“I’m a Floridian, and we know how to deal with hurricanes,” Johnson said. “This is part of living in paradise — knowing that once in a while these storms come at you.”
Forecasters warned the hurricane will be felt across a large area as it plows across Florida with an anticipated turn northward. Flash floods were possible across the whole state, and portions of its east coast faced a potential storm surge threat as Ian's bands approach the Atlantic ocean. Parts of Georgia and South Carolina also could see flooding rains into the weekend.
As the storm's center moved into the Gulf, scenes of destruction emerged in Cuba's world-famous tobacco belt. The owner of the premier Finca Robaina cigar producer posted photos on social media showing wood-and-thatch roofs smashed to the ground, greenhouses in rubble and wagons overturned.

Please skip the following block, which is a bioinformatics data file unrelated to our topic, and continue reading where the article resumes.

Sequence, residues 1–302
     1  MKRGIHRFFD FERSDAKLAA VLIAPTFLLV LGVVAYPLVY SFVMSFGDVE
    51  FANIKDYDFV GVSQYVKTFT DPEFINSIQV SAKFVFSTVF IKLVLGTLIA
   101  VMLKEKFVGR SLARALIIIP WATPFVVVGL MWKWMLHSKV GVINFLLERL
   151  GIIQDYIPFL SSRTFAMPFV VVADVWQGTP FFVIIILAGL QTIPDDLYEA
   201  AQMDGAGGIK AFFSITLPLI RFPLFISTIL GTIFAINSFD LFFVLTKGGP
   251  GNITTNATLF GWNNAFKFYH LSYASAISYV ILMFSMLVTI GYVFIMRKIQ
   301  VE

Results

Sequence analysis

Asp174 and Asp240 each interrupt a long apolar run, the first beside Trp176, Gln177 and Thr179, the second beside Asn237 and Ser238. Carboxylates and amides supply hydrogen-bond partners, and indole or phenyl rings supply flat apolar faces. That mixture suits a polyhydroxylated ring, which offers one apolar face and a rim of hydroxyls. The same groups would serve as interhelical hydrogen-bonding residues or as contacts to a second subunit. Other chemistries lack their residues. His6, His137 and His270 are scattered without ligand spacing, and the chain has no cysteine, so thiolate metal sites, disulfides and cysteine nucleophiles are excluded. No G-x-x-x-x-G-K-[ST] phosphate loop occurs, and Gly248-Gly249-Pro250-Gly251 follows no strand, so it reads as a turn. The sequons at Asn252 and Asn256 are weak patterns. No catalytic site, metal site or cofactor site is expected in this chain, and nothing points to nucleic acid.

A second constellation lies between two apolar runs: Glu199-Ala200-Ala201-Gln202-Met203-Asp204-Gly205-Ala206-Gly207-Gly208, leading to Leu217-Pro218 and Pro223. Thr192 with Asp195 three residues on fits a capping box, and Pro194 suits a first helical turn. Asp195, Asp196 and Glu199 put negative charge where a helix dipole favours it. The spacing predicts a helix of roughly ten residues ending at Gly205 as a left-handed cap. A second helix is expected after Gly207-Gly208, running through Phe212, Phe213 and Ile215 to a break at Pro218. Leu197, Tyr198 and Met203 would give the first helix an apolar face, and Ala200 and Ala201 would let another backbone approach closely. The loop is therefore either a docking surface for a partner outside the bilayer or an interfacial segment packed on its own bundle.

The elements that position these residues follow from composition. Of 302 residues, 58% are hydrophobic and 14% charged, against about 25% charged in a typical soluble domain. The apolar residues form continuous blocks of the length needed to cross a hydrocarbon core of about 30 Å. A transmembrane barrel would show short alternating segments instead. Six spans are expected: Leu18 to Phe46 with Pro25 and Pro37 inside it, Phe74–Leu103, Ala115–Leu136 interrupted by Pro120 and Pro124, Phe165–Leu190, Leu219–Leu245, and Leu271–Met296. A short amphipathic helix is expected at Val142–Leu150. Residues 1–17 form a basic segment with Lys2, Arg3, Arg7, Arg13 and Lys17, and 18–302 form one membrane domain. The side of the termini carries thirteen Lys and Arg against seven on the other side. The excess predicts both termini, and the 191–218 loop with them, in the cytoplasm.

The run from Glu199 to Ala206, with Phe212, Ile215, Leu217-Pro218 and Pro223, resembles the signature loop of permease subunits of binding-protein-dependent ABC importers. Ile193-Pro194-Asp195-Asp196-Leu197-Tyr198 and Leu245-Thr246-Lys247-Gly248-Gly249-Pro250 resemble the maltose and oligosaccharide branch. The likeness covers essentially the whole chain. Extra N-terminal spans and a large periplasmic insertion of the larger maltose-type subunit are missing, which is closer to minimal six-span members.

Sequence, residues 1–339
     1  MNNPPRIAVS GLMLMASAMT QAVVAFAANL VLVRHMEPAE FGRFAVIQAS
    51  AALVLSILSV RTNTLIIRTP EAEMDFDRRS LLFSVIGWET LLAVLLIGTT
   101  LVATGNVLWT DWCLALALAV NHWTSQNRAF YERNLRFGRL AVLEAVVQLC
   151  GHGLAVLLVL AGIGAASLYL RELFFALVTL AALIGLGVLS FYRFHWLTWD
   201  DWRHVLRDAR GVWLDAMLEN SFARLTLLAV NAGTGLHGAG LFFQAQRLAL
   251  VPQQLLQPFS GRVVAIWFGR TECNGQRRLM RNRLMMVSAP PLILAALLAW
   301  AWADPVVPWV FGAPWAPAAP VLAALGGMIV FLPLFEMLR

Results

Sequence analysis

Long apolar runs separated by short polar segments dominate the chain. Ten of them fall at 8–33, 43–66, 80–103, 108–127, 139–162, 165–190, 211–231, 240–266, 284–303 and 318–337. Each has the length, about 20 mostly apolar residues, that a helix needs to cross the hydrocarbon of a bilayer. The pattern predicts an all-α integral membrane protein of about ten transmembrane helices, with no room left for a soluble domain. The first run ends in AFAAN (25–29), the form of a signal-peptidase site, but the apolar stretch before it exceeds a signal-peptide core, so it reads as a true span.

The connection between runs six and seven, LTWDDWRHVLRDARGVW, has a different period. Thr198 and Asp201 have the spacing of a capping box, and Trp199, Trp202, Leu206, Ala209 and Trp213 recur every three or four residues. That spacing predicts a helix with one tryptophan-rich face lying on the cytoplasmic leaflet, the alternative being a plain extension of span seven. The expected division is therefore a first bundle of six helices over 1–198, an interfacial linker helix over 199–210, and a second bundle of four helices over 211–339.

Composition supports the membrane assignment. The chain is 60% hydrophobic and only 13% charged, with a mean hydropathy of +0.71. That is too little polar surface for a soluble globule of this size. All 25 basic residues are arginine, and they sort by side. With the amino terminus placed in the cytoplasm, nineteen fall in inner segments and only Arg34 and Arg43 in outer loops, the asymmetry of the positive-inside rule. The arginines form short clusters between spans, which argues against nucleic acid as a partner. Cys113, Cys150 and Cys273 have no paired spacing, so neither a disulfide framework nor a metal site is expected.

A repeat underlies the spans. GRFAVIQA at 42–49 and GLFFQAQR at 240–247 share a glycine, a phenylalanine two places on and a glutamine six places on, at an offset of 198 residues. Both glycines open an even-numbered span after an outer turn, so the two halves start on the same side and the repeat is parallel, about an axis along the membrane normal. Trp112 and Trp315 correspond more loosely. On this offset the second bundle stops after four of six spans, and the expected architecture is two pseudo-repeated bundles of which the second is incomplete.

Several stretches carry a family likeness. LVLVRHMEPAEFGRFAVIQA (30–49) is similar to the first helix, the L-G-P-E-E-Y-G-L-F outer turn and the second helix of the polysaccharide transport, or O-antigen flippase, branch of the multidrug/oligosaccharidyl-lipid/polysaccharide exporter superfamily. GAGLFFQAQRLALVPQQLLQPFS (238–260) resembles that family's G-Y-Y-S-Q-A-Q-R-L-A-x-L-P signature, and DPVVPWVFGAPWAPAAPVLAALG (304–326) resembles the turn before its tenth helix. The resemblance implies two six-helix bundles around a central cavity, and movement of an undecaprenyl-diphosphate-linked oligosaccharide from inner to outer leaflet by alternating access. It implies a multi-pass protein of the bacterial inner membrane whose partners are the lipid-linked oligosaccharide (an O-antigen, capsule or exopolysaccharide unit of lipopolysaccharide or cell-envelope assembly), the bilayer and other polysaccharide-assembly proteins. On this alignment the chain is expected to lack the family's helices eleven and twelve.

“It was apocalyptic, a real disaster,” wrote Hirochi Robaina, grandson of the operation’s founder.
State media published photos showing broad floodwaters flowing through the town of San Juan y Martinez and more than 1 million Cubans were without power Tuesday morning, including all of the western provinces of Pinar del Rio and Artemisa. There were no reports of deaths.